Marxism : A Structural Conflict Theory

1718 Words Oct 22nd, 2014 7 Pages
Marxism is a macro, structural conflict theory that denotes Marxists belief that the ruling class (bourgeoisie) exploits the working class (proletariat) for means of labour, as the bourgeois own the factors of production. Marx called the resulting situation alienation, and he said that when the workers repossessed the object at which they produced through the division of labour, alienation would be overcome and class divisions would cease. This is the apparent class struggle that plays a central role in understanding societies inevitable development from bourgeoisie oppression under capitalism to a socialist and ultimately classless society.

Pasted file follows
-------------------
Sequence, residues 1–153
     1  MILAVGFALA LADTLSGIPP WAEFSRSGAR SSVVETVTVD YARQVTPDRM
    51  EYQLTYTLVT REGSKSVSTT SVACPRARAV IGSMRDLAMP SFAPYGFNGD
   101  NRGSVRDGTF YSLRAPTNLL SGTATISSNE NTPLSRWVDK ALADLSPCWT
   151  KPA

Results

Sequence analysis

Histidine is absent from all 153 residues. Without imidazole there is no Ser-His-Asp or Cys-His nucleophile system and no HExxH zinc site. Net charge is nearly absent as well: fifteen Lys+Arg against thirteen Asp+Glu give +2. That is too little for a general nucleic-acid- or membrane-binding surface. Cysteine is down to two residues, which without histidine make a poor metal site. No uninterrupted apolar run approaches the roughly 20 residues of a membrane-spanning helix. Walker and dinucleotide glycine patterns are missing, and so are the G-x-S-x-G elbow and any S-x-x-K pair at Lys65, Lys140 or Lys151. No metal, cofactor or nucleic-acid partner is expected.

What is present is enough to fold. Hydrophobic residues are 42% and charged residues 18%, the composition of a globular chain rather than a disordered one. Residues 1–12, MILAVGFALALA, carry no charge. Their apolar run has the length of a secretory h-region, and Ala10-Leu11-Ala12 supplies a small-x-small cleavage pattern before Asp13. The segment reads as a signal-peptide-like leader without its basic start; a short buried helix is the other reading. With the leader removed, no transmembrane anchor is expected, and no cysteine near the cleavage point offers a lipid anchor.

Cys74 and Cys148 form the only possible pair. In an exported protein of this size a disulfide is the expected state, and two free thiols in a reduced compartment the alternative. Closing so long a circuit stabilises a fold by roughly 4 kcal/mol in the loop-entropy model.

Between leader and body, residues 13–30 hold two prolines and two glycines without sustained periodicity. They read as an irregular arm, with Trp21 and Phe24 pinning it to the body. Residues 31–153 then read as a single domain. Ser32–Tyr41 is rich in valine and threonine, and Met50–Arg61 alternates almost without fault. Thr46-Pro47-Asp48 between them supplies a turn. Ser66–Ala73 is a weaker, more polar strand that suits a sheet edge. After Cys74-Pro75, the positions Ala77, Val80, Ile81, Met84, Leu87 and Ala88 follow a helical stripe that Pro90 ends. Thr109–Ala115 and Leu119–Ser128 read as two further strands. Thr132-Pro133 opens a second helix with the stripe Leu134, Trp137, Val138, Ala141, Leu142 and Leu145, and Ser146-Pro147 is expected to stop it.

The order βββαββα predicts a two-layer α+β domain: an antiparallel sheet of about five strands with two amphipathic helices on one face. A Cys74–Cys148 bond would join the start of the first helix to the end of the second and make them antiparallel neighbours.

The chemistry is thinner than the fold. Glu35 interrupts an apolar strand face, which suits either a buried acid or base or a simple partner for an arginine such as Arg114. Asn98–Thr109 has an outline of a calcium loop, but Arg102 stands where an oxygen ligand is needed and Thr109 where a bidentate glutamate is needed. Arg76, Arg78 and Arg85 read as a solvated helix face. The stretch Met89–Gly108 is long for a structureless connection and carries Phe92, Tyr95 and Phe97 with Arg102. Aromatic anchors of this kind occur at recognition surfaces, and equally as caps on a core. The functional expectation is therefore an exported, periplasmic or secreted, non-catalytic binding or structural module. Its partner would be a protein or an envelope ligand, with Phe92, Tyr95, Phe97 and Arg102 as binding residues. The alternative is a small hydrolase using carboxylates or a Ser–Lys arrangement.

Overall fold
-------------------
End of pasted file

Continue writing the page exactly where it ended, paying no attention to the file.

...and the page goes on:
There are varying types of economic exchange that all vary dependant on the type of society and economic system the country is in. Namely these are barter, which is the exchange of gods and commodities; merchandise, bartering through the intermediary of money, and capitalism, that uses commodities in order to increase money. For Marx, the latter type of economic exchange (capitalism) is one that is based upon the exploitation and alienation of the proletariats by the bourgeoisie. Marx believes that what is necessary for society is a movement towards socialism and the economic structure of communism where class struggles are no longer an issue. Exploitation of the proletariats at the hands of the bourgeoisie no longer takes place.

The feudal system that once prevailed in western societies was the economic system that came before the…
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